As Washington state moves toward licensing marijuana retail stores, a major concern for public health experts is preventing kids from eating marijuana. They are asking the state to ban marijuana-infused candy and other sweets, and require packaging and flavors that are less appealing to kids.
Washington’s Liquor Control Board has been inundated with feedback on its proposed marijuana regulations. The deadline to submit comments was Monday. The Board is writing the rules for legalized cannabis. Among the many concerns: the state’s new pot logo.
It’s called the Produced in Washington icon. It’s an outline of the state with a marijuana leaf in the middle. The idea was to require this label be affixed to any package containing marijuana sold at a retail store.
Washington’s Liquor Control Board has published 46-pages of proposed rules for the state’s new recreational marijuana market. But the regulations released Thursday are largely silent on two major issues: the number of business licenses that will be allowed and the size of marijuana grow operations.
The draft rules address marijuana producers, processors and retailers. On the production side, the Liquor Control Board proposes to ban outdoor marijuana grows. Pot would have to be grown within a fully enclosed secure indoor facility or greenhouse.
A random drawing: That’s how the Washington State Liquor Control Board proposes choosing applicants for marijuana retail licenses. And it’s drawing major criticism from existing medical marijuana providers.
Washington’s proposed marijuana rules aren’t even 24-hours old. But already critics are finding things not to like. The 46-pages of draft regulations were released Thursday and cover everything from where marijuana can be grown to the criminal backgrounds of license applicants. But it’s the section on marijuana concentrates that’s getting some negative buzz.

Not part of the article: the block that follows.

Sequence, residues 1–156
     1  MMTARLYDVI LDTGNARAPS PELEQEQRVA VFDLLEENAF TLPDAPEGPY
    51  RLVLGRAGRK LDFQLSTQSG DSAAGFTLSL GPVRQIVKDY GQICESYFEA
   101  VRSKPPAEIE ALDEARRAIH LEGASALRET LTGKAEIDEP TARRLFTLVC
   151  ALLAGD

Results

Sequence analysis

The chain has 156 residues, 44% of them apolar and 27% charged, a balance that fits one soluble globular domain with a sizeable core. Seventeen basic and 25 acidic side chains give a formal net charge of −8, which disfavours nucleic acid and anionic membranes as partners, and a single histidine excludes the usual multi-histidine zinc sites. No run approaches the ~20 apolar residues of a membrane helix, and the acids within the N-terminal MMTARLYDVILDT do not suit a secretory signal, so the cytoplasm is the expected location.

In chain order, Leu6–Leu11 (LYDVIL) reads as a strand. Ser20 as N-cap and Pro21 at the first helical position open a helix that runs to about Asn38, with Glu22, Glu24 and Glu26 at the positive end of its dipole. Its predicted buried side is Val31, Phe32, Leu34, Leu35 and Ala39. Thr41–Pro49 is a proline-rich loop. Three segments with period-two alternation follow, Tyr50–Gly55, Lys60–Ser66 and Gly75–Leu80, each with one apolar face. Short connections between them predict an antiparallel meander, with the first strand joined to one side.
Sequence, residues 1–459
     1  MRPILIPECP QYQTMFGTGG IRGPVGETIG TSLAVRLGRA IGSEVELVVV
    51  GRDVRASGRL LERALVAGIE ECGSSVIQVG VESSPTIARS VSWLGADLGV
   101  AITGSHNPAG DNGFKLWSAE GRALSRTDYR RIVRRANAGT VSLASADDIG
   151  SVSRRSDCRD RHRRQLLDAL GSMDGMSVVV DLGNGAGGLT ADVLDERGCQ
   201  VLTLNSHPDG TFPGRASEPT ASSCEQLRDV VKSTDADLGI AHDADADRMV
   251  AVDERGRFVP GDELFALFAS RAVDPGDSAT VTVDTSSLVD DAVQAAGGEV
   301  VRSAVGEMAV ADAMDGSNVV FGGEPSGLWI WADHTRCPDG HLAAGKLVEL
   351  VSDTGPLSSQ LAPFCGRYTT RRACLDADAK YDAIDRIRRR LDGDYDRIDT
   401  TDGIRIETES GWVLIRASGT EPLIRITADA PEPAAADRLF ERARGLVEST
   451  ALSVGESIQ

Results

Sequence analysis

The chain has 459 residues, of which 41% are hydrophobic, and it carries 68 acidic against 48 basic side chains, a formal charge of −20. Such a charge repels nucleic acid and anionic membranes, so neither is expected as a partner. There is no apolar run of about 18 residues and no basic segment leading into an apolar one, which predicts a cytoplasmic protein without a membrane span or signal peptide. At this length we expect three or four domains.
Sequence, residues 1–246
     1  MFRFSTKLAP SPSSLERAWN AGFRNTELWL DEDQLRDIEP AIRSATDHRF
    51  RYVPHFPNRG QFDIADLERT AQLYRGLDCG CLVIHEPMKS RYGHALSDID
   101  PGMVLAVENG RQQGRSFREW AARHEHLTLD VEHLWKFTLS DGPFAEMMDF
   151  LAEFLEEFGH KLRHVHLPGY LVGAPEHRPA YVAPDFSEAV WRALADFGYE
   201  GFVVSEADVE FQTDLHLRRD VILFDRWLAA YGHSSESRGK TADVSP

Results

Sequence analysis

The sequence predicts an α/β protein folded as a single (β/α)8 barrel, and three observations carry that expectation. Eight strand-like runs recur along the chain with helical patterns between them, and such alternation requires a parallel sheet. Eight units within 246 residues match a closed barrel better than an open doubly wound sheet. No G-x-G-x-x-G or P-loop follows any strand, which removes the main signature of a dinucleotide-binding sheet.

Two weeks ago the federal Drug Enforcement Administration sent cease and desist letters to 11 medical marijuana dispensaries in Seattle. It was the first notable enforcement action in Washington since recreational marijuana was legalized last year. Federal officials say it won’t be the last.
Entrepreneurs who hope to cash in on legal marijuana will have some heavy reading to do Thursday. That’s when Washington’s Liquor Control Board is expected to release nearly 50 pages of proposed rules for growers, processors and retailers.
But it turns out that there’s another pot rulebook that’s also in development. It’s called the Cannabis Monograph. Think of it as an illustrated bible for pot quality control.
Washington isn’t the only state that legalized marijuana for recreational use last fall. Colorado did it too. Now both states are in the process of trying something that’s never been done: regulating the growing, processing and selling of pot for recreational use.
Ross Reynolds compares the experience in the two states with Colorado Public Radio’s Ben Markus and KUOW’s Amy Radil.
The Washington State Liquor Control Board is working to figure out how to create and regulate a legalized marijuana market. It’s not clear whether regulations will include limits on things like potency or pesticide use, but right now, there are only a couple of places in the state equipped to measure marijuana purity and potency.
How long does it take to get a prescription for medical marijuana? More than a few minutes, according to the Washington State Department of Health. State regulators have suspended the license of a Seattle-area naturopath who did a brisk business at Hempfest event 2011.
With all the talk about the legalization of marijuana perhaps you’ve been caught in a haze and haven’t been paying attention to what is going on with Washington’s long legal medical marijuana. Well changes are being proposed there too. Washington Senator Ann Rivers has proposed legislation that would task the Liquor Control Board with licensing and regulating medical marijuana dispensaries, processors and growers. Ann Rivers talks to Ross Reynolds about why she thinks further regulation is necessary.
SEATTLE – When Washington voters legalized recreational marijuana last fall, they handed the state’s Liquor Control Board a regulatory nightmare. There’s no manual for how to create a safe and legal market for pot – something that’s never been done before.
State Representative Roger Goodman – speaking after a recent meeting on marijuana legalization – says the giggle factor is gone.
Last November, Bob Ferguson became Washington state’s 18th attorney general. One of the biggest issues he faces is how the federal government will approach legalized marijuana in Washington state. Ferguson met with Attorney General Eric Holder in January and so far, a clear policy has yet to emerge. Ferguson says if legalized marijuana is challenged by the feds, he'll defend it. What questions do you have for Attorney General Bob Ferguson? What should his priorities be? Call us at 800.289.5869 or email email@example.com.